‘Big data’ is enabling companies to learn faster and more deeply than ever before, whether it is to make business decisions faster or find better ways to serve customers, or design and deliver new products and services.
How is it relevant in healthcare? Can healthcare organisations learn and change with the adroitness of other industries, or is healthcare too different? While healthcare is often described as lagging behind its industry siblings in terms of technology maturity and adoption, experts are no less bullish on big data’s potential impact. This is partly because healthcare is fast becoming a big data industry with a data explosion that makes analytics an absolute requirement.
Sir Liam Donaldson, chief medical officer for England (1998-2010), says: “Every health system in the world is struggling to cope with the increased burden of chronic diseases like diabetes, cancer, heart disease and stroke. Too many years are spent incapacitated and suffering with the consequences of poor health.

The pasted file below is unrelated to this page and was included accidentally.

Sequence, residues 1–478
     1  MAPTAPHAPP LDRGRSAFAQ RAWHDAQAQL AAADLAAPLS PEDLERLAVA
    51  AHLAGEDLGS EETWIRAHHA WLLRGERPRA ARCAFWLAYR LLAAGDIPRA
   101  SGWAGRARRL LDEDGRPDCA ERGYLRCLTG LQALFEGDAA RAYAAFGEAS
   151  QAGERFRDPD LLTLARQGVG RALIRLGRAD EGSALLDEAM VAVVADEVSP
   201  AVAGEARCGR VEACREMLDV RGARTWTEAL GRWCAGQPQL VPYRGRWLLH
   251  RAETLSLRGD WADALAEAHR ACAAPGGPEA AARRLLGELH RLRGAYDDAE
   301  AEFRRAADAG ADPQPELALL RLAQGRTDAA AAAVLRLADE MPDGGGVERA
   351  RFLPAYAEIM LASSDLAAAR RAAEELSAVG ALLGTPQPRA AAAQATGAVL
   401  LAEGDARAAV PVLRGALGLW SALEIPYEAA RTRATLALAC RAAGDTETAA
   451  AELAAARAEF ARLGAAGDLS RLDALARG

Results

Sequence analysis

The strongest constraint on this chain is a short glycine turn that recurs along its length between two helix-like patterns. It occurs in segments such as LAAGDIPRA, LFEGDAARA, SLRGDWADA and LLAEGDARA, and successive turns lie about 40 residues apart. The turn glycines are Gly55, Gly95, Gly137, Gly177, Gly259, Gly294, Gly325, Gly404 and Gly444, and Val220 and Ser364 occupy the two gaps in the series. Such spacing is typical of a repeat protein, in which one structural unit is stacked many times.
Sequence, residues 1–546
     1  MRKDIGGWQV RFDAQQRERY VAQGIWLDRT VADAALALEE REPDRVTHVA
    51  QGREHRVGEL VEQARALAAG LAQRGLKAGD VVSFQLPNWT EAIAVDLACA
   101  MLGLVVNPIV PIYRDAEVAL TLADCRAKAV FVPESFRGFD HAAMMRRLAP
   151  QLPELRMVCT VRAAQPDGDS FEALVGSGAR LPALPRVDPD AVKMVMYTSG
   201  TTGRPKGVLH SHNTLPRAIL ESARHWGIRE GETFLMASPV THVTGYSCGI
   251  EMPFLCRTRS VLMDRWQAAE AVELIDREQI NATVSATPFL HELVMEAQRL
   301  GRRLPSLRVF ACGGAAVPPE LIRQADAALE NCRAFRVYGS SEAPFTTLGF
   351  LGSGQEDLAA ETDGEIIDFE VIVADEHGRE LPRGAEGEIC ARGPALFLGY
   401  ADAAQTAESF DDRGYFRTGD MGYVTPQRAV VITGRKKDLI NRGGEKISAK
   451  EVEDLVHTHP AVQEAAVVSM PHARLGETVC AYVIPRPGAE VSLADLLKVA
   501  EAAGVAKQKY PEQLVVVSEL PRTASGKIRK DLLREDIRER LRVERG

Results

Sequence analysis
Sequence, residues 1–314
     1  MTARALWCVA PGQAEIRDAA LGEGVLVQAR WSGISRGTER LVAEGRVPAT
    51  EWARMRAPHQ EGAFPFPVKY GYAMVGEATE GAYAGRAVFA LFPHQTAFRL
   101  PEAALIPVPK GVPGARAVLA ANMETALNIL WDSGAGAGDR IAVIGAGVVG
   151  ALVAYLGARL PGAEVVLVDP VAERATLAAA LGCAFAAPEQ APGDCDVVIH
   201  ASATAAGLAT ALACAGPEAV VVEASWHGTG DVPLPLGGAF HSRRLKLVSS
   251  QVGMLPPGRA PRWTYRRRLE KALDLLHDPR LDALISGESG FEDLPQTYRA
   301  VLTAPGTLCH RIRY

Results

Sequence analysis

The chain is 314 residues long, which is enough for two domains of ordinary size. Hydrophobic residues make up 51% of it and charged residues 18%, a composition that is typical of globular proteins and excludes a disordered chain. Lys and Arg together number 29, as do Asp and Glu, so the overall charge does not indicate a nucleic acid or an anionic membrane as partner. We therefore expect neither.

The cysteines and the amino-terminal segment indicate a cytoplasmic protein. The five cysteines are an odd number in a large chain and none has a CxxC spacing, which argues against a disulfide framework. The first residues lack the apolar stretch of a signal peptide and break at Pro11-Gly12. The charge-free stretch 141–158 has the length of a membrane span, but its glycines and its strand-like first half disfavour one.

“Every health minister in the world would like to prevent, or at least postpone the onset, of these diseases. One of the keys to doing this is to gain a greater understanding of people’s behaviour and the factors that influence it.
“Research has already told us a great deal about this but the opportunity to bring together health data with sources of information from many unrelated areas opens new doors. It may take us closer to the means to shape the behaviour patterns of whole populations towards the ultimate goal of enabling tens of millions of people to achieve a better state of health and sustain it for most of their life.”
These issues are explored in a new white paper from The Learning Clinic. Read it here.
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